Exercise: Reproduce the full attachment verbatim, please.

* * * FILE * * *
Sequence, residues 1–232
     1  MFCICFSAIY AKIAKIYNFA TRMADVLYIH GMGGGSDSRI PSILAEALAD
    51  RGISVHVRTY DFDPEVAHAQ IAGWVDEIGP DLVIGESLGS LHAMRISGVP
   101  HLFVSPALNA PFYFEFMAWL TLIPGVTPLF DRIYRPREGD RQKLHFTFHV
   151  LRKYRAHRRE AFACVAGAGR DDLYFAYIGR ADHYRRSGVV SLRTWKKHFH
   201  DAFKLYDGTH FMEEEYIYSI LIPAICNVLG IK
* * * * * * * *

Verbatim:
Sequence, residues 1–232
     1  MFCICFSAIY AKIAKIYNFA TRMADVLYIH GMGGGSDSRI PSILAEALAD
    51  RGISVHVRTY DFDPEVAHAQ IAGWVDEIGP DLVIGESLGS LHAMRISGVP
   101  HLFVSPALNA PFYFEFMAWL TLIPGVTPLF DRIYRPREGD RQKLHFTFHV
   151  LRKYRAHRRE AFACVAGAGR DDLYFAYIGR ADHYRRSGVV SLRTWKKHFH
   201  DAFKLYDGTH FMEEEYIYSI LIPAICNVLG IK